By Alan Adams
HELSINKI, Finland -- Jeff Tambellini can’t help it if he bleeds Canadian red and white.
You might say it’s in his blood. Tambellini is the third generation of the Tambellini family to wear Canada’s colors on the world stage and Jeff is proud of the rich tradition he’s carrying on at the World Junior Hockey Championship.
"To have three generations from one country is pretty special, all of us playing for Canada," says Jeff, who is the only collegiate-trained player on Canada’s National Junior Team. "It’s pretty unique."
The uniqueness started with his grandfather Addie, who was a member of the Trail Smoke Eaters which won the world championship in 1961. The Smoke Eaters were the last Canadian amateur team to win a world championship and it took another 33 years for Canada to claim a world crown and it was NHL players who did it in 1994 in Italy.
His dad, Steve Tambellini, represented Canada in the 1978 world championship in Prague and won a bronze and played in the 1988 Winter Olympics in Calgary. But Steve Tambellini gained most of his international reputation as a part of the management team with the 2002 Canadian Olympic team that won gold. Steve Tambellini, who is vice-president of the Vancouver Canucks, is also part of Canada’s management team for the 2004 World Cup of Hockey.
You can imagine the stories of international hockey when the Tambellinis gather for family functions.
Jeff remembers the stories his grandfather would tell him.
"(Addie) tells me about the atmosphere over there, how they were treated and the adversity they went through to win those games," says Jeff. "When I was young he had all the medals and all the trophies from himself and my dad from down in the basement there and I got to see a lot of the stuff and the things you get playing in these tournaments, it is pretty special.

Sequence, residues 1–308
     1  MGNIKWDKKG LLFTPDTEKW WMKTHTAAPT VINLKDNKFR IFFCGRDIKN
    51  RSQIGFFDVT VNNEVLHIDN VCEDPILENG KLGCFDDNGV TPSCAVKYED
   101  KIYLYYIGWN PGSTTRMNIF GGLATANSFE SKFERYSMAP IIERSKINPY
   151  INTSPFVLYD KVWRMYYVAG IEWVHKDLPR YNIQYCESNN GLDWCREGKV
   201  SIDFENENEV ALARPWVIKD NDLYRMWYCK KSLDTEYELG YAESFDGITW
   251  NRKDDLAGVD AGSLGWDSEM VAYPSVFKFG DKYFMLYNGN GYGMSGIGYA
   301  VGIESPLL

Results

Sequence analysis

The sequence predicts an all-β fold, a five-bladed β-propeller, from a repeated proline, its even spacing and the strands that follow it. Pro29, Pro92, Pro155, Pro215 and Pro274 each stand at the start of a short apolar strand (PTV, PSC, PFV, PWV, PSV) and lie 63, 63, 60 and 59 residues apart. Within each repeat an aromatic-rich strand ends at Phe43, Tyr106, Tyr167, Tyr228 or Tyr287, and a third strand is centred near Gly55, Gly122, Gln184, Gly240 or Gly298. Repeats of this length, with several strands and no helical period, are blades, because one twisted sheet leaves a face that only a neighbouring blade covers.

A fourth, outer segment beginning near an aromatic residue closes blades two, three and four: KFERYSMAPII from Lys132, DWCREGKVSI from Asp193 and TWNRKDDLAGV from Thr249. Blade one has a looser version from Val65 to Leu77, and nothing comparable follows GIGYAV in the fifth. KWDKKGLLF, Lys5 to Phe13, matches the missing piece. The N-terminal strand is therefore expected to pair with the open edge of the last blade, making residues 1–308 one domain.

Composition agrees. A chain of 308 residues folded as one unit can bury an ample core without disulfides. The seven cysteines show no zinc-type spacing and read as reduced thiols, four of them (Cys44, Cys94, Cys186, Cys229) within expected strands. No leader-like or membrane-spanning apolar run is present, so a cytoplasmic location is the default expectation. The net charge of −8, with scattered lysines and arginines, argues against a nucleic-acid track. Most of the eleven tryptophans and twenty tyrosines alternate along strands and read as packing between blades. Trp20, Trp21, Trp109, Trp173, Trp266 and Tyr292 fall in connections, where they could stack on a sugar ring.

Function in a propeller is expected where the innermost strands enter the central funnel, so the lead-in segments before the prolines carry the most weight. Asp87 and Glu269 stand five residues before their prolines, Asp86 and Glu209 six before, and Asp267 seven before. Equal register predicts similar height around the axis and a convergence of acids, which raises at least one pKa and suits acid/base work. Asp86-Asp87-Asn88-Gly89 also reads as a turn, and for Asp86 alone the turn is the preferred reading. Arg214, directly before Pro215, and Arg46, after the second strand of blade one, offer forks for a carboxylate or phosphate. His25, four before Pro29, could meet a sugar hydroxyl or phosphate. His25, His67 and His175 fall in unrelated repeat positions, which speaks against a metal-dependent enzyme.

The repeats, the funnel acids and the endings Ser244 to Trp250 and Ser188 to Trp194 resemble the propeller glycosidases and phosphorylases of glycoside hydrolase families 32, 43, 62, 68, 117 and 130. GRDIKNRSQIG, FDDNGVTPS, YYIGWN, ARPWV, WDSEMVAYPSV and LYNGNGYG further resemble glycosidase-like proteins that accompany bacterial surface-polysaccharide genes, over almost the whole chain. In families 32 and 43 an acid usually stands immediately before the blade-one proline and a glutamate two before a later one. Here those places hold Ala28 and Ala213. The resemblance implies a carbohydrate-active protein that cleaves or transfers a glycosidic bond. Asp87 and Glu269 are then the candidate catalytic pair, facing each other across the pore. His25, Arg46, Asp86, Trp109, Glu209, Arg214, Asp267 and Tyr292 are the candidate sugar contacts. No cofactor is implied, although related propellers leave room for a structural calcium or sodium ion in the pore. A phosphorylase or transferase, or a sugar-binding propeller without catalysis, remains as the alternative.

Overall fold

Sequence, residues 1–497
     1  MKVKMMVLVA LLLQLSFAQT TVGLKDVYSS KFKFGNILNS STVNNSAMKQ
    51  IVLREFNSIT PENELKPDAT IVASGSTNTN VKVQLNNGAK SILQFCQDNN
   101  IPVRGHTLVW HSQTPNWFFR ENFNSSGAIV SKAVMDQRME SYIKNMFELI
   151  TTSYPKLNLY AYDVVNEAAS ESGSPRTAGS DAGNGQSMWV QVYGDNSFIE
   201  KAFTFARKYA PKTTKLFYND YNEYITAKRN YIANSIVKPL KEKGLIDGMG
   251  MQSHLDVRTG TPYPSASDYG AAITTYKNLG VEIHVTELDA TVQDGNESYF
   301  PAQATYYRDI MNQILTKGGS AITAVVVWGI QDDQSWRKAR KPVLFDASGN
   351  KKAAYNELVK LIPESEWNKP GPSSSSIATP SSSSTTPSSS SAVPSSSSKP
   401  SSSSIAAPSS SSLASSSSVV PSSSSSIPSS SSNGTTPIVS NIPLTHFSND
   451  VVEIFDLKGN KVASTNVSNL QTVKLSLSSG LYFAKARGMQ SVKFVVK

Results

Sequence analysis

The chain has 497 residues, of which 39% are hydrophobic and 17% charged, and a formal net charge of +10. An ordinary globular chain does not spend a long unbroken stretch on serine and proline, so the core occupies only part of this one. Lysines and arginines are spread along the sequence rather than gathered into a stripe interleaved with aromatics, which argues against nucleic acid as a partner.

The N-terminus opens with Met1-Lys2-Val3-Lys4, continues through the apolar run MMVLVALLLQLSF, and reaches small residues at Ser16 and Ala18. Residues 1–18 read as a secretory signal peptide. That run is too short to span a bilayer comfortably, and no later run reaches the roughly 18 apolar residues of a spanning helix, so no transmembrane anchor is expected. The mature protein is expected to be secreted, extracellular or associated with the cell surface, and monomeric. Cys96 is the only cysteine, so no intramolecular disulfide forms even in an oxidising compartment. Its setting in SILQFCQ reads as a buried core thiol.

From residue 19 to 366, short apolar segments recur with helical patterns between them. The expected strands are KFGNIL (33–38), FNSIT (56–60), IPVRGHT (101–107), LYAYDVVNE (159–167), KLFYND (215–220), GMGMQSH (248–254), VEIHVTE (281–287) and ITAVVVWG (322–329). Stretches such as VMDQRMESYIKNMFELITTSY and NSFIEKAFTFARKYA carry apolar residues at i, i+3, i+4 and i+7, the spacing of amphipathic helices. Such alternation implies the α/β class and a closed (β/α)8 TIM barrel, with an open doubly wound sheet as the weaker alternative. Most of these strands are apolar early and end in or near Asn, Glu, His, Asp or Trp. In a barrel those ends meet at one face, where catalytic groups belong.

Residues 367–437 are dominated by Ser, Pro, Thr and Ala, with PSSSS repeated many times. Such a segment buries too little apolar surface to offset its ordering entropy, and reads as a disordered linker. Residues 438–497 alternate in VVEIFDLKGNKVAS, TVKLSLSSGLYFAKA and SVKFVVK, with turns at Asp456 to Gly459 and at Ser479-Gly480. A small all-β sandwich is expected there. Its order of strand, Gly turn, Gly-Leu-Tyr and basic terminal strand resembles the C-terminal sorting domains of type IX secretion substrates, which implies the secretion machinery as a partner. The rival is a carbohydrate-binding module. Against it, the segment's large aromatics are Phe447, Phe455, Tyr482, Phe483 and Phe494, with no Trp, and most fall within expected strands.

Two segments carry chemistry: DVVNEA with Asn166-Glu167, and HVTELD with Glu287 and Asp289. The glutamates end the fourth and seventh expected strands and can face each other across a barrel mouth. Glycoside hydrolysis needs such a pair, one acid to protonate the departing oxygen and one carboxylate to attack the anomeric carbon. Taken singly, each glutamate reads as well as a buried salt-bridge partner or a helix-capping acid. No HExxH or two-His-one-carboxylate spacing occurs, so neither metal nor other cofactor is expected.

"There aren’t too many people who can say that have three generations in the game and at this level. I think it is special to be thrust into the spotlight in a tournament like this."
Tambellini is competing in what is hockey’s ultimate coming-out party. The tournament provides scouts and fans the first glimpse of the NHL’s future stars and he showed he belonged by scoring the first goal in Canada’s 5-2 win over the Czech Republic on New Year’s Eve. The victory clinched a semifinal berth.
His father was in the stands and he was asked whether he thought the day would come when he’d see his son continue the family tradition.
"I sure hoped it would but you never really know," said Steve. "Think about how many great kids play the game and there are only 22 players here. To get an opportunity to do that is very special."
Like his father and grand-father, Jeff Tambellini is making a name for himself for his skill and speed. He led the University of Michigan in goals when he left for Canada’s National Junior team and last year led Michigan in points en route to rookie-of-the-year honors in the Central Collegiate Hockey Association.
Jeff jokes about which part of his family’s DNA he has.
"Hopefully the speed. Our family has been a pretty good skating family so I guess I picked up a touch of that and it is nice to have bloodlines like that," he says.